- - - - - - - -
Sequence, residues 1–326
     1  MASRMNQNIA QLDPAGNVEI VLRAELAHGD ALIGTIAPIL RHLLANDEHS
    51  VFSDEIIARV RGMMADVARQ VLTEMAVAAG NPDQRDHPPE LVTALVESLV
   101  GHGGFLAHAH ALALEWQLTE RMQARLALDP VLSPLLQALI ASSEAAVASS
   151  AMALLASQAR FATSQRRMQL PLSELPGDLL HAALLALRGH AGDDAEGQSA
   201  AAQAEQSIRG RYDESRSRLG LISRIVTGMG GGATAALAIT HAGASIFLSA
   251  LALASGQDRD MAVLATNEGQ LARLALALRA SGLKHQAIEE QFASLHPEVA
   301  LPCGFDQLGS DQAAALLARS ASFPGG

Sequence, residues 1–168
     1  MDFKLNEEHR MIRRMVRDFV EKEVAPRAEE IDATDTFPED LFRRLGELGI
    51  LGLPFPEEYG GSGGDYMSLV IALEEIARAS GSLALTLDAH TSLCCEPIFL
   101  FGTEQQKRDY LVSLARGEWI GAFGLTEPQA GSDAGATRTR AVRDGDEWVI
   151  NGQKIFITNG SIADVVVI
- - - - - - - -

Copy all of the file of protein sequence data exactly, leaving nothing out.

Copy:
Sequence, residues 1–326
     1  MASRMNQNIA QLDPAGNVEI VLRAELAHGD ALIGTIAPIL RHLLANDEHS
    51  VFSDEIIARV RGMMADVARQ VLTEMAVAAG NPDQRDHPPE LVTALVESLV
   101  GHGGFLAHAH ALALEWQLTE RMQARLALDP VLSPLLQALI ASSEAAVASS
   151  AMALLASQAR FATSQRRMQL PLSELPGDLL HAALLALRGH AGDDAEGQSA
   201  AAQAEQSIRG RYDESRSRLG LISRIVTGMG GGATAALAIT HAGASIFLSA
   251  LALASGQDRD MAVLATNEGQ LARLALALRA SGLKHQAIEE QFASLHPEVA
   301  LPCGFDQLGS DQAAALLARS ASFPGG

Sequence, residues 1–168
     1  MDFKLNEEHR MIRRMVRDFV EKEVAPRAEE IDATDTFPED LFRRLGELGI
    51  LGLPFPEEYG GSGGDYMSLV IALEEIARAS GSLALTLDAH TSLCCEPIFL
   101  FGTEQQKRDY LVSLARGEWI GAFGLTEPQA GSDAGATRTR AVRDGDEWVI
   151  NGQKIFITNG SIADVVVI